And the way I answer the question in this context, can be, and probably will be, completely different to the way I answer it in this other context, that is, it can be entirely natural,
The amount I say in one conversation will be different to the amount I say in another. I might only have opportunity for one or 2 words in some situations, but I always want to be working towards answering that same question.
If you’re here with us this morning, because you’re not a Christian but you want to find out what Christians believe, we’re really pleased to have you with us, and I want to suggest that you need to find an answer to that same question, “What has God done in Christ for sinful people?”
And whether it’s here or somewhere else, if you’re talking with Christian people, trying to find out what they believe, don’t let them just talk about church,
Or programs,
Or church planting,
Or their own personal testimony, as exciting as that might be!
Get them to tell you what is even more exciting, ask someone to tell you, “What has God done in Christ for sinful people?”
If you don’t know the answer to that, find someone here this morning, and don’t let them leave, until they’ve given you the answer!
We speak about Jesus in obedience to God (v 29)
OK, so there are, I think, 3 more things to notice that can help us talk about Jesus.
Peter says, we speak about Jesus, in obedience to God

See there in verse 29, “We must obey God rather than human beings!”
Jesus had said to the Apostles, back in chapter 1, what we call the Great Commission, you will be my witnesses, and it’s that command which drives the ministry of the church throughout Acts.
And so Peter’s no doubt thinking of that, but they’ve also got this direct command from God, “Go to the temple and talk about new life in Christ.”
And so the apostles are willing to disobey the law of their society, out of obedience to God.
Now lots of us, find talking about Jesus difficult.
And as far as I’m aware, none of us, have ever been miraculously led out of prison in the middle of the night, and given a command by an angel “Go and talk to people about Jesus.”

So this would seem like the ideal moment to say, “Well, that’s where the Apostles and their unique role in the foundation of the church, are different to us!”

They were obedient to God’s specific commands,
We didn’t receive those specific commands,
Can we therefore say, that we speak about Jesus, out of obedience to God?
Well, it seems that Luke, our historian, would say the answer is a resounding “yes”!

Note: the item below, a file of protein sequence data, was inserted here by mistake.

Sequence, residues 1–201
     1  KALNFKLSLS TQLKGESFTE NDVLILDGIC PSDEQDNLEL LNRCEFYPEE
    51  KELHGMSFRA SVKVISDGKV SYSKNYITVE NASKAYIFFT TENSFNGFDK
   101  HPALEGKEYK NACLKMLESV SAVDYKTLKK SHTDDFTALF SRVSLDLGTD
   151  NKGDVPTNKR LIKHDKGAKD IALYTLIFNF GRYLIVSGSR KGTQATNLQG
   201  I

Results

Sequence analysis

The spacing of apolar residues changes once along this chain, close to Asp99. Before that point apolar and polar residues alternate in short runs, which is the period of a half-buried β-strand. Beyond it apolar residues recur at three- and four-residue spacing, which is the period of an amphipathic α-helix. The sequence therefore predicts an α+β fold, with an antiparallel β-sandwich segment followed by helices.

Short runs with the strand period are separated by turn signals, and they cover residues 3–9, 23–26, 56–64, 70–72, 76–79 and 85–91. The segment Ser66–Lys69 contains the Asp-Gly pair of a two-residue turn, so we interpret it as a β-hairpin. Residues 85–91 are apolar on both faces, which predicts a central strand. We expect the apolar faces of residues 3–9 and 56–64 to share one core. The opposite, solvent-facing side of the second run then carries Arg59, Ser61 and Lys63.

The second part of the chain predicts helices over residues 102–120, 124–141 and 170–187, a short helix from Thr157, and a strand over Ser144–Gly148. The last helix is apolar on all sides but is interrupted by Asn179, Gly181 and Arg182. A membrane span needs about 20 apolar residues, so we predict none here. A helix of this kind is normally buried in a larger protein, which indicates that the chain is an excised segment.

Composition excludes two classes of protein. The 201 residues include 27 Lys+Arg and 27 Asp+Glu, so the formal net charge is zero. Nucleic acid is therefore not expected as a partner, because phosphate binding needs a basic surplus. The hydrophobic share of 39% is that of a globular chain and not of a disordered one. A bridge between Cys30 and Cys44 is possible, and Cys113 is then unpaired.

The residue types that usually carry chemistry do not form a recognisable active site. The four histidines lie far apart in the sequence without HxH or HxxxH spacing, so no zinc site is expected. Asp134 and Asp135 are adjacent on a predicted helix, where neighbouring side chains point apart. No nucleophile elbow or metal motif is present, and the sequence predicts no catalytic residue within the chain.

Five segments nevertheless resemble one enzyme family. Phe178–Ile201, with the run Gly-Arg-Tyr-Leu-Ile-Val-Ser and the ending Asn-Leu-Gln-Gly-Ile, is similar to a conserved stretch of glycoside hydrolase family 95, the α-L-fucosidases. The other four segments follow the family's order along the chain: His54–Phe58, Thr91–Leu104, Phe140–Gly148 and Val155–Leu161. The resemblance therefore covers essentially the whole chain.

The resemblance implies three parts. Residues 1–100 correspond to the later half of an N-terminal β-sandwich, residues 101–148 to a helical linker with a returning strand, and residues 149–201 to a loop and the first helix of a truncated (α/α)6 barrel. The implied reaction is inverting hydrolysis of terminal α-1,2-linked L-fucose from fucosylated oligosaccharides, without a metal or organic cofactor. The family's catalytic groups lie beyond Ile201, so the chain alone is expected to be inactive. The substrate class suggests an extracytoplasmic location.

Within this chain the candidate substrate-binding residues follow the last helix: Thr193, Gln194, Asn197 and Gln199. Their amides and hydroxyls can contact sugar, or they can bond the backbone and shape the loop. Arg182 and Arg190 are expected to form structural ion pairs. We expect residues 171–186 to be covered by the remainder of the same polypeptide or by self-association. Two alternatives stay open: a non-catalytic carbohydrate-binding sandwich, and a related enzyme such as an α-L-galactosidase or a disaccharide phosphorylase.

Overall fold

We don’t have the command from the angel, but if we’re Christians, we stand in the line of those to whom those original words of commission were first spoken, you will be my witnesses in Jerusalem, and in all Judea and Samaria, and to the ends of the earth.
We receive that commission in a derivative sense, but not in any lesser sense.
In fact, in Acts, as the good news of Jesus breaks out into each successive part of that mission field, Jerusalem, Judea, Samaria it’s often other Christians, not the apostles, Christians who receive that commission in a derivative sense just like we do, it’s Christians like us, who are the pioneers, talking to new people and new nations about Jesus, in fulfilment of the Great Commission.
Think of Philip not one of the 12, speaking with the Ethiopian, and into Samaria,
The Christians in Antioch: Just an ordinary bunch of Christians in a local church, who God uses to take the gospel to all the world.
So yes, Christians today, 2000 years after these events, we speak about Jesus as a mark of our obedience to God.
Now, there are plenty of places in the Scriptures where we’re told to obey those authorities God has raised up to govern us.

Obey the law,
Stick to the speed limit,
Obey the local council when they say a church is only allowed to have one A-Frame on the side of the road!

But when, if, the law of the land, comes into conflict with what God has said, our obligation as Christians is to disobey the lower authority, in order to obey the higher authority.
If your parents ever left you in the care of an older sibling, and that sibling, “Mum and Dad are gone, Let’s draw on the walls! I’m in charge, I say we can do it!”
Which authority do you obey?

Let me rephrase that, Which authority ought you obey?!
Now, it’s theoretical for us in Australia.

Less than a year ago we used to meet for church in a building owned by the government!